View from the C-suite: The key to GE
Attracting a company of the calibre of GE to a country is a goal for most destinations. Courtney Fingar talks to GE's president of Gulf operations, who explains the company's strategy to find the perfect match.
A hyper-international goliath, General Electric is courted by almost every location in the world, all of whom would love to have a GE facility of some kind in their jurisdiction. But what does it take to get on GE’s shortlist of potential investment destinations?
“One thing we look for is strategic vision: where is the country heading? What are their aspirations, and how can we align our capabilities to those aspirations?”, says Dr Dalya Al Muthanna, president and CEO of GE Gulf.
“We recently revamped our GE Values [GEVs] to the 'GE Beliefs' to better align ourselves to the fast-paced and volatile world we live in. One of our beliefs is that customers determine our success. This drives us to ensure we have a clearer understanding of what our customers need. Once we understand that, we can become better aligned to those needs and we start to think about what we need to do more of to support our customers. Do we need to localise some of our operations? Where should we be investing more? Whether in terms of our talent, our technology or in terms of having the right resources on the ground.”
Ms Al Muthanna develops the business strategy for the Gulf region for GE, and leads the overall strategic positioning of GE in the Gulf. She joined the company in 2008 and was the company’s first United Arab Emirates national to graduate from GE’s Experienced Commercial Leadership Program; she has clearly climbed the ranks quite quickly. Before joining GE, she founded and managed a multi-million dollar international franchise.
One country whose aspirations match of with those of GE’s is Ms Al Muthanna’s home country, the UAE, where the company employs 2000 people across roughly 20 sites. ““What excites me the most is the continuous drive for innovation,” she says. “[The UAE] has launched a set of ‘future accelerators’ to make sure they accelerate the process of achieving their goals and bring emerging technologies closer to today. Supporting their vision is very exciting for us because GE is also going through a transformational period that emphasises innovation and disruptive ideas. We’ve established a new business, called GE Digital, that's going to drive the industrial internet and help us achieve our vision in becoming the first and largest digital industrial organisation.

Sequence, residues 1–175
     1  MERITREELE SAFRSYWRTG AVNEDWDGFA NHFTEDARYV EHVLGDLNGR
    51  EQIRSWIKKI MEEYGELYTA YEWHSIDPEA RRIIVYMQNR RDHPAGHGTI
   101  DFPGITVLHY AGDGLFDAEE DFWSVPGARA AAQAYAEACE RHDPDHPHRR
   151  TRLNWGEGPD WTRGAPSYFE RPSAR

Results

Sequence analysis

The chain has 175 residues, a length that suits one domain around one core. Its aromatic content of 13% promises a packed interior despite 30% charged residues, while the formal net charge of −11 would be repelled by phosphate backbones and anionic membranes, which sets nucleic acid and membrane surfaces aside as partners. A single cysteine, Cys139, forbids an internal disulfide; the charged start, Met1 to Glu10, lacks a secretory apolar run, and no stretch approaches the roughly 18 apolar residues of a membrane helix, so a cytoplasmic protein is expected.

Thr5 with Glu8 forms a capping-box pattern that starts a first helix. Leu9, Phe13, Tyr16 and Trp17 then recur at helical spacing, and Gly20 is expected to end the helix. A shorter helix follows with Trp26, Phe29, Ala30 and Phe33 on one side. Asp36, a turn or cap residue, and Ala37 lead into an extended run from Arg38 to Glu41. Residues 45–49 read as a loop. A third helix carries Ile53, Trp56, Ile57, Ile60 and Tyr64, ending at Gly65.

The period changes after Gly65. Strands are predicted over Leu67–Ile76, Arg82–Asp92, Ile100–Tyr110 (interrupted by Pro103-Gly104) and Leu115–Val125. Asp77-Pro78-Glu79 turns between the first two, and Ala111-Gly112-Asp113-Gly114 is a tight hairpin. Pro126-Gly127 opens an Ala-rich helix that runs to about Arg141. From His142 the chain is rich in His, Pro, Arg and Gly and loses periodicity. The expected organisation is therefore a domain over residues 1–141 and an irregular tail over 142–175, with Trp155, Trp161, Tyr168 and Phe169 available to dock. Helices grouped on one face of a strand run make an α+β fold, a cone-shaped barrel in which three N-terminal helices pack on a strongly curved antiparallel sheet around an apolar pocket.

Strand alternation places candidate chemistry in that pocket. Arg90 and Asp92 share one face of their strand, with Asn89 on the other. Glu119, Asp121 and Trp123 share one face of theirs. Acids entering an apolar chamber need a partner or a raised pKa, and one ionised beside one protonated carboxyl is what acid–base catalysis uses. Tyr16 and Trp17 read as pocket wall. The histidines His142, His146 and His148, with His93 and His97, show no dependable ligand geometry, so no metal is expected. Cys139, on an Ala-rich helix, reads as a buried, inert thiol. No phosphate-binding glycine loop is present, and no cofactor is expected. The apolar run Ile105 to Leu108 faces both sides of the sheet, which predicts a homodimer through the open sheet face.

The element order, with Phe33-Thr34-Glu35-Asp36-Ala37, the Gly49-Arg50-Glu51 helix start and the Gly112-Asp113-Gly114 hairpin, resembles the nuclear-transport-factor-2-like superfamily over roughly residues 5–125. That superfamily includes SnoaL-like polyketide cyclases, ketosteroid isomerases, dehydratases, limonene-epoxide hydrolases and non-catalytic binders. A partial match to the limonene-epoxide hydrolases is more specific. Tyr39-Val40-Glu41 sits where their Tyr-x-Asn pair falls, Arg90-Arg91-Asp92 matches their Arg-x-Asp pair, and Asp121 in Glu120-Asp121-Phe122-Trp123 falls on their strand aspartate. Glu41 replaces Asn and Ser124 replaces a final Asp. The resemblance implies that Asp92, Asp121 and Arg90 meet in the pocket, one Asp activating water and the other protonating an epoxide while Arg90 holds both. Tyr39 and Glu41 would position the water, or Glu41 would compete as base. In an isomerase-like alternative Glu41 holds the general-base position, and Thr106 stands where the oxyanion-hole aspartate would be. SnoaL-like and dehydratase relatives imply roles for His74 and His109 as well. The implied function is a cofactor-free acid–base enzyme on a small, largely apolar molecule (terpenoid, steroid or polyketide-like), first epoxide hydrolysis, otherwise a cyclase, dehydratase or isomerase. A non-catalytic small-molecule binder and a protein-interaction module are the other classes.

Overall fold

“If you look at the UAE, there are a lot of investments in smart city initiatives: smart services, faster and agile operations as well as initiatives such as 3D printing. Dubai wants to position itself as the global hub for 3D printing. GE is also seeking to drive the 3D printing future; we are currently in a bid for an acquisition of two 3D printing companies in Europe, with more than $1bn in investments. That will increase the use of 3D manufacturing into GE and would help us expedite the process of manufacturing, reduce wastage and democratise manufacturing.”
The industrial internet
In line with these strategic goals, GE is developing its own platform, called Predix, which Ms Al Muthanna describes as “kind of like the iOS platform for the iPhone, but this is a platform that will drive the industrial internet”. Predix will make use of data from everything from aircraft engines and power plants to healthcare equipment in hospitals, allowing analysis to optimise industrial operations.
In the Middle East region, GE has partnered with governments, the aviation industry, energy producers and healthcare companies, and is now focused on combining big data with big machinery through a collaborative approach. “It’s been a really great journey for us and we look forward to continuing this journey with our partners and together to unfold what's coming next,” says Ms Al Muthanna.
The fDi Report 2016
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